by Dave Williams | Capitol Beat News Service
ATLANTA – The Republican-controlled Georgia Senate passed controversial legislation Friday prohibiting the teaching of a series of “divisive concepts” on race in the state’s public schools over the objections of Democrats.
The bill, which passed 34-20 along party lines, lists nine concepts teachers could not teach, including that the United States and Georgia are systematically racist and that no race is inherently superior or inferior to any other.
The measure requires local school boards to adopt a process allowing parents to file a complaint to their child’s school if they believe the law has been violated. Parents not satisfied with the response could appeal to the school district’s superintendent, the local school board and – if still not satisfied – to the state Board of Education.
Nothing in the bill would prohibit the teaching of slavery, racial segregation or the Holocaust, said Sen. Bo Hatchett, R-Cornelia, the legislation’s chief sponsor.
“What this bill says is a teacher should not tell a child that because of their race, ethnicity or skin color, they should feel guilty, that it’s their fault,” he said.
Senate Democrats argued the bill is unnecessary because racist concepts are not being taught in Georgia schools.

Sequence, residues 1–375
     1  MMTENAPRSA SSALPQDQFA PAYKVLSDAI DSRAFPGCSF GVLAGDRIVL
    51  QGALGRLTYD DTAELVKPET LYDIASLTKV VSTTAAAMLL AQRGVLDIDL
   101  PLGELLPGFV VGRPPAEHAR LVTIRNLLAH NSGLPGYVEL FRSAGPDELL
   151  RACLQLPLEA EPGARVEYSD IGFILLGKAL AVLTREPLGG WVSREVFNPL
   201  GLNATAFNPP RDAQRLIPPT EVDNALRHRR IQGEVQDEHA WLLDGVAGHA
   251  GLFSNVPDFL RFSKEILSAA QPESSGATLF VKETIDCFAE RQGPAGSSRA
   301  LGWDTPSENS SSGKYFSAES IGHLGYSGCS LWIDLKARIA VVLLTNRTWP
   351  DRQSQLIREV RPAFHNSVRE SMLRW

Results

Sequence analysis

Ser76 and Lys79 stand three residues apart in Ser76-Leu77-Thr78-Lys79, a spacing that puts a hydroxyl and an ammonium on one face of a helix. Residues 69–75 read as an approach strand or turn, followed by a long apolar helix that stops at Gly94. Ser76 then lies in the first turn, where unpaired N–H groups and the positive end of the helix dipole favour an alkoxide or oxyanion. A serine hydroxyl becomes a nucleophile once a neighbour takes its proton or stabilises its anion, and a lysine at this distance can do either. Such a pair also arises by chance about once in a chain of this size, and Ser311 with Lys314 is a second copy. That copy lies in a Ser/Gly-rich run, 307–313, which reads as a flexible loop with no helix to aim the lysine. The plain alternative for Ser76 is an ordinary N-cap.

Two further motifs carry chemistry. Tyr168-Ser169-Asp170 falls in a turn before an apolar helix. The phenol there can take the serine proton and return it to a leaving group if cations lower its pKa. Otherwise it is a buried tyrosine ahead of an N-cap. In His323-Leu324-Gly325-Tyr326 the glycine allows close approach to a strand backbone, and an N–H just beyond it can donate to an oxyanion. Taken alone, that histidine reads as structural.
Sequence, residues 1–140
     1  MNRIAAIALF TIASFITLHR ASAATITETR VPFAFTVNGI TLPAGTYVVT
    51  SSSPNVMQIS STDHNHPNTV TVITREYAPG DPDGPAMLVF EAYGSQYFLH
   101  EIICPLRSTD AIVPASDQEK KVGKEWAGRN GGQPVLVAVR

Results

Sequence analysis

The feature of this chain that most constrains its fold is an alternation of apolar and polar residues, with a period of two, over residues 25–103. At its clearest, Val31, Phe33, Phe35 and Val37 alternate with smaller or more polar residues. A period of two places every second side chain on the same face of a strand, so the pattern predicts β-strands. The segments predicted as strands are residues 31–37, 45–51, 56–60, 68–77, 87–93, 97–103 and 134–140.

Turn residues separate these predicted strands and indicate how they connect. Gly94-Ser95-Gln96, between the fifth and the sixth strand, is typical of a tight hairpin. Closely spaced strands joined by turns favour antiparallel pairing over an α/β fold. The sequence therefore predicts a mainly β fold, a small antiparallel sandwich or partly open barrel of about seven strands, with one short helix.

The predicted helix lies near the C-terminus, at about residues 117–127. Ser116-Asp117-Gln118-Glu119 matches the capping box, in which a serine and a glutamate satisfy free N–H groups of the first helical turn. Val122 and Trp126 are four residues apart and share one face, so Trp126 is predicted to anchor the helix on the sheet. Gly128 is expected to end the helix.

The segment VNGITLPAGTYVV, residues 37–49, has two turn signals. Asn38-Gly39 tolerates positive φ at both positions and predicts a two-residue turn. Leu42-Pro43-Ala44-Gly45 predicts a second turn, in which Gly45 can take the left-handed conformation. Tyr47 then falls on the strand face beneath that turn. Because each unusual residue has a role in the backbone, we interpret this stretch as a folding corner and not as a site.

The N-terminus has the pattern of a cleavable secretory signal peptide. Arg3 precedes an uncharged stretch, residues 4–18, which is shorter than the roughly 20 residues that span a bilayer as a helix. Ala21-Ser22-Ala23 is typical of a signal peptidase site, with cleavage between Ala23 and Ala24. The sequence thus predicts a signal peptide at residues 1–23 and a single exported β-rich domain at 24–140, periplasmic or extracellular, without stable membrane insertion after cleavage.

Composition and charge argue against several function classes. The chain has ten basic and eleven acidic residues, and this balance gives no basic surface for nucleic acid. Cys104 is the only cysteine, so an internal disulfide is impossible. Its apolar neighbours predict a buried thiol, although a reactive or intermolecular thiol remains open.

“What is it we’re trying to stop?” asked Sen. Nan Orrock, D-Atlanta. “Do we have a problem we’re not solving?”
Hatchett responded that the divisive concepts listed in the bill would not be taught by “99.9%” of Georgia teachers.
“But 0.1% of the population believes these divisive concepts are true and need to be taught,” he said.
Other opponents said the bill would discourage teachers from addressing racism in their teaching of history for fear of drawing complaints from parents.
“We should not be sending a message that we don’t trust teachers when we are already facing a massive shortage of teachers,” said Sen. Freddie Powell Sims, D-Sasser.
“Let’s not pit parents against teachers,” added Sen. Sonya Halpern,” D-Atlanta. “Whoever heard of reprimanding teachers for teaching our children?”
Senators approved an amendment proposed by Halpern removing the attorney general and local district attorneys from considering appeals from parents not satisfied with the way school officials handled their complaint.
“How we teach our kids is not a criminal justice issue,” she said.
The Senate also removed a provision from the original bill that would have extended its provisions to University System of Georgia students and professors.
The bill now moves to the state House of Representatives, which passed similar legislation last week.
This story is available through a news partnership with Capitol Beat News Service, a project of the Georgia Press Educational Foundation.